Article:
Yes. Given skew-symmetric matrices $$B$$ and $$C,$$ define $$\alpha(t)=\exp(Bt+\tfrac12 Ct^2).$$ Then \begin{align} \alpha(t) &=I+(Bt+\tfrac12 Ct^2)+\tfrac12 (Bt+\tfrac12 Ct^2)^2+O(t^3)\\ &=I+Bt+\tfrac12 (B^2+C)t^2+O(t^3) \end{align} as $$t\to 0.$$ This shows that $$\ddot \alpha(0)=B^2+C.$$
I believe that the construction you're looking for is called a Dyson Series (Wikipedia). In detail, suppose we are given $$B,C \in \mathrm{Skew}(n)$$ and we want to construct a $$\gamma: (-\varepsilon,\varepsilon) \to \mathrm{SO}(n)$$ such that $$\gamma(0)=1$$ and $$\ddot{\gamma}(0)=B^2+C$$. I claim that \begin{align*} \gamma(t) & :=\sum_{n=0}^{\infty} \left[\int_0^t \int_0^{t_0} \cdots \int_0^{t_{n-1}} \left(\prod_{k=0}^n (B+t_{n-k} C) \right) \mathrm{d} t_n \cdots \mathrm{d} t_0\right] \\ & = 1 + \int_0^t (B+t_0C) \mathrm{d}t_0 + \int_0^t \int_0^{t_0} (B+t_1C)(B+t_0C) \mathrm{d} t_1 \mathrm{d}t_0 + \\ & \hspace{1cm}\int_0^t \int_0^{t_0} \int_0^{t_1} (B+t_2C)(B+t_1C)(B+t_0C) \mathrm{d}t_2 \mathrm{d}t_1 \mathrm{d}t_0 + \cdots \end{align*} is a well-defined solution to the problem. Indeed, if we let $$m:=\max_{s \in [0,t]} \lVert B+sC \rVert_{L^2},$$ then we have that $$\lVert \gamma(t) \rVert_{L^2} \leq e^m,$$ so that $$\gamma$$ is defined by a convergent sequence. Moreover, we can compute that $$\dot{\gamma}(t)=\gamma(t)(B+tC)$$, evincing both that the image of $$\gamma$$ (which a priori lies in the space of $$n \times n$$ matrices) in fact lies in $$\mathrm{SO}(n)$$ and also that $$\ddot{\gamma}(0)=B^2+C$$.
• Thanks, this is very interesting. However, I am not sure how do you deduce that $\gamma(t) \in SO$, even for sufficiently small $t$; I tried showing that the derivative of $\gamma(t)^T\gamma(t)$ is zero, but I got stuck: Since $\dot \gamma(t)=\gamma(t)D(t)$. where $D(t)$ is skew-symmetric, we have $\frac{d}{dt}(\gamma(t)^T\gamma(t))=(\dot \gamma(t))^T\gamma(t)+\gamma(t)^T\dot \gamma(t)=(\gamma(t)D(t))^T\gamma(t)+\gamma(t)^T\gamma(t)D(t)=-D(t)\gamma(t)^T\gamma(t)+\gamma(t)^T\gamma(t)D(t)$ which is zero if and only if $\gamma(t)^T\gamma(t)D(t)=D(t)\gamma(t)^T\gamma(t)$... – Asaf Shachar Dec 26 '18 at 12:47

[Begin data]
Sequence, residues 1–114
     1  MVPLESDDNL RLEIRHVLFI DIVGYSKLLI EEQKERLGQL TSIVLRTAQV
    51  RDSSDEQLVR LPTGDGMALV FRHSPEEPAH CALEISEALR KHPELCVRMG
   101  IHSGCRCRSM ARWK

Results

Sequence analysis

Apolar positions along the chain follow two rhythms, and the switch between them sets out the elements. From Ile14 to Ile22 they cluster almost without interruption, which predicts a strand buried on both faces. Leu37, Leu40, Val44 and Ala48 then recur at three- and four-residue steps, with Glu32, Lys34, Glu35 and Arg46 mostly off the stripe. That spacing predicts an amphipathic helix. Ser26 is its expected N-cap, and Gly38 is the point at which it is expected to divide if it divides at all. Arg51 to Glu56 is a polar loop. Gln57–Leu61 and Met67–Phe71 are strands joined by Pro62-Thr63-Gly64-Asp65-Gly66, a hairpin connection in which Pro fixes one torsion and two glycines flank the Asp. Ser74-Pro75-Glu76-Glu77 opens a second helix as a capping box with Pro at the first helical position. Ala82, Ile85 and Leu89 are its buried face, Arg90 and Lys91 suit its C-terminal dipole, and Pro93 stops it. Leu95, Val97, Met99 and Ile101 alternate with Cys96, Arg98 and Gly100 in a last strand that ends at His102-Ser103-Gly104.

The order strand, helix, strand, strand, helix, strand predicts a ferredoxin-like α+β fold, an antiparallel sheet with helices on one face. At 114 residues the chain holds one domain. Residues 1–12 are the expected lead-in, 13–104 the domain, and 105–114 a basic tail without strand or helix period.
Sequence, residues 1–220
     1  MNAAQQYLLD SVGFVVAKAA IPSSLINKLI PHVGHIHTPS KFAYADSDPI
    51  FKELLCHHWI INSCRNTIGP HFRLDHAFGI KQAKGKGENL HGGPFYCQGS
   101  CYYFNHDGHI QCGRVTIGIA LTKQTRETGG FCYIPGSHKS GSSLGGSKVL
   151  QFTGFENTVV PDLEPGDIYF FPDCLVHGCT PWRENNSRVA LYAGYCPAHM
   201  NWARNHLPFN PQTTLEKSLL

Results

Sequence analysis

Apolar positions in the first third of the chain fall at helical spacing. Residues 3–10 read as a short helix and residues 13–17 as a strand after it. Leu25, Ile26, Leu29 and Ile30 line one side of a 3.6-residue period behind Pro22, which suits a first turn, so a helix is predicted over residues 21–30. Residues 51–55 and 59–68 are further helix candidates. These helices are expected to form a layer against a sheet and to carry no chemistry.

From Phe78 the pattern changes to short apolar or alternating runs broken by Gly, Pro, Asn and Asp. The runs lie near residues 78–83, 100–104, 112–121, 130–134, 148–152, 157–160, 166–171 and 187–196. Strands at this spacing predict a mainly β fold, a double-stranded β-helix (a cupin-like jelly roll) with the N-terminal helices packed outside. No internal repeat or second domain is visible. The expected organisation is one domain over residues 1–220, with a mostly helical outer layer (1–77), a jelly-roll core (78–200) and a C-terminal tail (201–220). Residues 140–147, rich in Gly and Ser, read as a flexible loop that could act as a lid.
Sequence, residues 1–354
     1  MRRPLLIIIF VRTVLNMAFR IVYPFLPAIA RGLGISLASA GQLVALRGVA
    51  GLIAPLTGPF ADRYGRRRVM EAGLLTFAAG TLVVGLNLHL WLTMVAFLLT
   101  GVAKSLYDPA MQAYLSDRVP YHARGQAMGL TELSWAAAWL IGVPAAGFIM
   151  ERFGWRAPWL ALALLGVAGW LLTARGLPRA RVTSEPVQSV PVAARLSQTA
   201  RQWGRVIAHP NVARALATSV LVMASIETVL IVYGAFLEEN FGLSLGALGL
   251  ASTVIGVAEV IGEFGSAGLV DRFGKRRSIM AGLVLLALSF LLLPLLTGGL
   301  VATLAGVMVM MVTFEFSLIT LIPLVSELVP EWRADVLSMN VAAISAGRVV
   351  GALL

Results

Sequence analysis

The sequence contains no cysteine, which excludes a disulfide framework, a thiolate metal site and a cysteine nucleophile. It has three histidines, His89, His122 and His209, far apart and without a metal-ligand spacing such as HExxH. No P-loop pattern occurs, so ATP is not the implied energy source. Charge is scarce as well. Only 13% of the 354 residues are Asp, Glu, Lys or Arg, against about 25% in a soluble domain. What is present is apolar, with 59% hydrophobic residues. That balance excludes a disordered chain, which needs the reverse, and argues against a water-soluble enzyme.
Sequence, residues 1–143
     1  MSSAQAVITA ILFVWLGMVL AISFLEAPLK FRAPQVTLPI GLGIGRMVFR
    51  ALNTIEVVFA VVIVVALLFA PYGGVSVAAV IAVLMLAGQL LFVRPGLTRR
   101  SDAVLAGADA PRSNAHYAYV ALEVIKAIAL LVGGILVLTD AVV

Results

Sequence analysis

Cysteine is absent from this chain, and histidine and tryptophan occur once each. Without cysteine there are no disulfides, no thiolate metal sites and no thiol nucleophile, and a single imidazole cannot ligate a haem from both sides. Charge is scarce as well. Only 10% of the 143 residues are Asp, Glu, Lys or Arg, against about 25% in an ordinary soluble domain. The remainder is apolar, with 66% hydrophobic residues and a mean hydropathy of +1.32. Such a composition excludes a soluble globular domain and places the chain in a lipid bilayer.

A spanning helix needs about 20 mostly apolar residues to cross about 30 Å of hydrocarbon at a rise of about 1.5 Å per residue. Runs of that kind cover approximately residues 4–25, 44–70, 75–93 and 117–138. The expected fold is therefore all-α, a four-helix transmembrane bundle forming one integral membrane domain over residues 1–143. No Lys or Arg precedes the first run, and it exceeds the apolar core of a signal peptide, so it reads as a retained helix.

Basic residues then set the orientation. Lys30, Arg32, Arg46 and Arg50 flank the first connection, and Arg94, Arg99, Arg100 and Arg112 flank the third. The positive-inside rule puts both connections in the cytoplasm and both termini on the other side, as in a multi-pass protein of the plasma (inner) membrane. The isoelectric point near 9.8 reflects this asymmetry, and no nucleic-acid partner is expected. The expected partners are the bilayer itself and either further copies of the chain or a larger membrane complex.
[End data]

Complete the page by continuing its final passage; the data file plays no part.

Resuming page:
• , i.e. $\gamma(t)^T\gamma(t)$ and $D(t)$ commute. In our case $D(t)=B+tC$, and I don't see an immediate reason why this commutativity should hold. – Asaf Shachar Dec 26 '18 at 12:47
• You're right, of course -- it would seem I miscalculated as to how easily it would follow that $\mathrm{im}(\gamma(t)) \subseteq \mathrm{SO}(n)$. I think some argument like this might work (though i haven't thought out the details). Notice that $\gamma(t)^T \gamma(t)$ is analytic and that its derivatives vanish to every order at the origin. It follows that $\gamma(t)^T\gamma(t)$ is constant, as needed. Do you think that might work? I'll hopefully have more time to think about this later, in any event. – Or Eisenberg Dec 26 '18 at 21:47
• Asaf: Thanks for the reference about foliations -- this was my original intuition for why $\mathrm{im}(\gamma) \subset \mathrm{SO}(n)$, but I certainly didn't have enough intuition to explain it as well as Mike Miller did! Regarding your question of how I thought of the Dyson series, this question is verging on philosophical, I think. Indeed, where do any math ideas come form? =). I was just trying to solve the equation $\dot{\gamma}=\gamma D$ and remembered vaguely that the physicists had figured out how to do this, so I started googling. Thanks for the interesting problem! – Or Eisenberg Dec 27 '18 at 17:20